'Really, what do you guys know about nutrition anyway? One day you say eat this and the next day avoid it? When will you get it right?''
The fact is that nutrition is a very incomplete science. Unlike other areas of health (like exercise), where we can specifically study muscles and their reaction, nutrition involves so much more.
Hence we chip away at the edges, with small increases in knowledge occurring gradually over time, rather than anything being set in stone. What do we know? Well we can limit it to a few positives.
- In the first place we know that fresh fruit and vegetables – of almost all kinds – are healthy and should be eaten more.
- We know that we eat too much saturated fat for our own good, particularly in the form of spreads like butter, full cream dairy foods, fatty meats and the skin on birds, fast food, cakes, pastries and pies.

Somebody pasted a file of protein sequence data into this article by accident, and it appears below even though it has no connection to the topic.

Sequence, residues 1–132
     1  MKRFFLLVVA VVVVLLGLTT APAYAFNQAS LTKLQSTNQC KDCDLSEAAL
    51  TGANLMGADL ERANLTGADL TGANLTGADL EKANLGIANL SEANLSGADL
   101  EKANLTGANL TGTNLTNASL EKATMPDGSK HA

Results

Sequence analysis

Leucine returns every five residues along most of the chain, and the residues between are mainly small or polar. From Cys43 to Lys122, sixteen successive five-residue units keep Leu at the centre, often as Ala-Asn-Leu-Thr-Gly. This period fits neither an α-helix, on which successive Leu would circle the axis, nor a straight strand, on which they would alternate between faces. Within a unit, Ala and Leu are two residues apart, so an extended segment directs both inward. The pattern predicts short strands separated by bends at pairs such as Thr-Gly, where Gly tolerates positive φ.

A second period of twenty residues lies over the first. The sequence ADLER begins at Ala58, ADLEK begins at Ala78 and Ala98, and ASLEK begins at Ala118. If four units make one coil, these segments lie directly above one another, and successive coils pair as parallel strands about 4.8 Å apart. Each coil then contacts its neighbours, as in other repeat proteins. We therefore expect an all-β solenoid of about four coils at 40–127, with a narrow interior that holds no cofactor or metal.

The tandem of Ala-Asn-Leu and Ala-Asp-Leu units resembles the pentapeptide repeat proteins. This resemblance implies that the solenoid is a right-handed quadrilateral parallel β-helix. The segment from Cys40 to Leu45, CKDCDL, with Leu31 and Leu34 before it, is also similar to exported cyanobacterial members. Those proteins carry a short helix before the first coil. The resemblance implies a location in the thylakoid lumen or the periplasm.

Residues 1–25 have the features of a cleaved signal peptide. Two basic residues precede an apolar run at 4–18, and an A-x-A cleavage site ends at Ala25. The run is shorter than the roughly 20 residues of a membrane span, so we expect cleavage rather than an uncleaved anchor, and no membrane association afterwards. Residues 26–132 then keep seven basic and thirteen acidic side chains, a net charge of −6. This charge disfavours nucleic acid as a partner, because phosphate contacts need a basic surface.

- We know that seafood, of just about all forms, contains healthy oils than can help prevent heart disease. But we don’t know yet though whether this remains the case when seafood is farmed, as it will inevitably have to be, given that wild seafood is a finite resource.
- We know that some carbohydrate rich foods that are digested slowly (called low glycemic index or low GI foods) tend to raise blood sugar slowly and reduce hunger levels and are therefore good for people with diabetes and possibly for helping weight loss.
- And finally – and here’s the good news – we know that alcohol in moderation (i.e. 1-2 glasses per day for men and women) can be beneficial for the heart.
- But that’s about it for nutrition. Our knowledge of exercise on the other hand is much clearer – doing it regularly is good; doing nothing is bad.
Dr Garry Egger aka Prof Trim
For more information on weight loss for men, check out Professor Trim.